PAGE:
974 F2d 537 United States v. R Bell

974 F.2d 537

UNITED STATES of America, Plaintiff-Appellant,
George R. BELL, Defendant-Appellee.

No. 91-5370.

United States Court of Appeals,
Fourth Circuit.

Argued June 4, 1992.
Decided Sept. 4, 1992.
As Amended Oct. 27, 1992.

Gregory Welsh, Asst. U.S. Atty., Baltimore, Md., argued (Richard D. Bennett, U.S. Atty., on the brief) for plaintiff-appellant.

C. Michael Walls, Garner & Walls, Laurel, Md., argued (Jean A. Garner, Garner & Walls, on the brief) for defendant-appellee.

Before WILKINSON and NIEMEYER, Circuit Judges, and STAMP, United States District Judge for the Northern District of West Virginia, sitting by designation.


WILKINSON, Circuit Judge:

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George Bell pleaded guilty to sexual exploitation of children in violation of 18 U.S.C. § 2251 and was sentenced under the United States Sentencing Guidelines. The district court calculated Bell's sentencing range under the Guidelines at 87-108 months, but then granted Bell's motion for a downward departure--based on the detrimental effect a lengthy incarceration would have on his family--and sentenced him to 12 months in prison. We vacate the sentence and remand for resentencing within the range of 87-108 months. This court has repeatedly rejected downward departures based on a defendant's family responsibilities, and Bell has failed to distinguish his situation from those cases.



In August, 1990, a grand jury for the District of Maryland indicted George Bell on five counts of sexual exploitation of children. Bell pleaded guilty to count one, which charged him with using persons under the age of eighteen for the purpose of producing visual depictions of sexually explicit conduct and with transporting those videos in interstate commerce. The conduct in question occurred during a camping trip in Gettysburg, Pennsylvania, where Bell had taken his daughter (age 13) and three daughters of a family friend (ages 12, 8 and 7). During that trip Bell set up his video camera inside a pop-up camper, positioning the camera so that he could record the girls changing their clothes. He subsequently instructed the girls to take off their clothes, sit in a certain location, and "examine" themselves for ticks by spreading their vaginas. At one point Bell repositioned the camera so that the girls' genitals would be the direct focus of the recording, and he repeatedly instructed the girls while they "checked for ticks."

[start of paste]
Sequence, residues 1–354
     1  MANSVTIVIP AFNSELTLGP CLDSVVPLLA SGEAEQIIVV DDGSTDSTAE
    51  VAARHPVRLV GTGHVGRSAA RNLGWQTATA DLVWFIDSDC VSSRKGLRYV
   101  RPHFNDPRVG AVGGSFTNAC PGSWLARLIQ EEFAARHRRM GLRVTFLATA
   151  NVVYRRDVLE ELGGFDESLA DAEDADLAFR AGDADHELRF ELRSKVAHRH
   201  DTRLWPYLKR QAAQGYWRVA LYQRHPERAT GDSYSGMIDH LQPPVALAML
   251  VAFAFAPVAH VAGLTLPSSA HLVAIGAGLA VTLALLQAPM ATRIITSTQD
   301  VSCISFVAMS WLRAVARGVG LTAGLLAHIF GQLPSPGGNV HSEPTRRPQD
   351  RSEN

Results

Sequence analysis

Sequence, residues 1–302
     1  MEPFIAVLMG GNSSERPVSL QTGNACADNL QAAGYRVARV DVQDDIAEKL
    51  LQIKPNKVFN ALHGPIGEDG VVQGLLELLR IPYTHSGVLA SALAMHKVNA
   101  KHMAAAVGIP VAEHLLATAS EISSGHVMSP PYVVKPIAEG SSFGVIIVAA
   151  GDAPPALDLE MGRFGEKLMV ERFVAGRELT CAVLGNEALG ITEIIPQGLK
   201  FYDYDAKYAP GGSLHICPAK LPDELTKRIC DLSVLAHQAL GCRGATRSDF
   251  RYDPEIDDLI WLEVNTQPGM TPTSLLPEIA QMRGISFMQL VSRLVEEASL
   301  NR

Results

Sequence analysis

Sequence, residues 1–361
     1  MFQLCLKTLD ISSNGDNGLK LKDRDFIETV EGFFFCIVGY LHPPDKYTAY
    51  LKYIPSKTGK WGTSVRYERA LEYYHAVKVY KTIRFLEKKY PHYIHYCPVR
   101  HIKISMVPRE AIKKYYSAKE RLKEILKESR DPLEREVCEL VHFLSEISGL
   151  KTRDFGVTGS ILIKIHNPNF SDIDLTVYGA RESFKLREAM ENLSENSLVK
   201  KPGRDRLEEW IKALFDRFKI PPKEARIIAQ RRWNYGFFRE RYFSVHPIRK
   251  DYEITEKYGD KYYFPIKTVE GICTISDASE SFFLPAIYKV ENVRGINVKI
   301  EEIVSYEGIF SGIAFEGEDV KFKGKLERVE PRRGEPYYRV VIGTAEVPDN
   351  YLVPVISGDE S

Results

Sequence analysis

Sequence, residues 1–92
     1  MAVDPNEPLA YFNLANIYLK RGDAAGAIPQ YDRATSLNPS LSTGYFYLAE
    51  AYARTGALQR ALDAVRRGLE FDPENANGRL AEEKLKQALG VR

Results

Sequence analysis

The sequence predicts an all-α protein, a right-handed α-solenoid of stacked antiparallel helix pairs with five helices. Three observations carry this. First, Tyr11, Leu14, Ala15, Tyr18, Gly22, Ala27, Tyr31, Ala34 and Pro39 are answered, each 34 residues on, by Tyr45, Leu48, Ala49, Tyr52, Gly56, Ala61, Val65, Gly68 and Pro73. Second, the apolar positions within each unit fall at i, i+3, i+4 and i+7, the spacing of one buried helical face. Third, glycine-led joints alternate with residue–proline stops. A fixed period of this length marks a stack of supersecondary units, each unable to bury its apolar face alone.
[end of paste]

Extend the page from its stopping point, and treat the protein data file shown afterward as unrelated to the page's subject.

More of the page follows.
At the end of the camping trip, Bell returned home with the girls and the videotape to Salisbury, Maryland. Several months later, Montgomery County police were called to an elementary school in Rockville, Maryland, to investigate a complaint of child sexual abuse. A seven year old female student told police detectives that she had been taken by "Uncle George" to his residence in Salisbury, where he had taken photographs of her in the nude. Further investigation revealed that "Uncle George" was George Bell, and police obtained a warrant to search Bell's home. During the ensuing search police seized a number of videotapes containing scenes of young girls posing in the nude under Bell's direction. One of those tapes included the scenes of the girls "checking for ticks" in the camper at Gettysburg.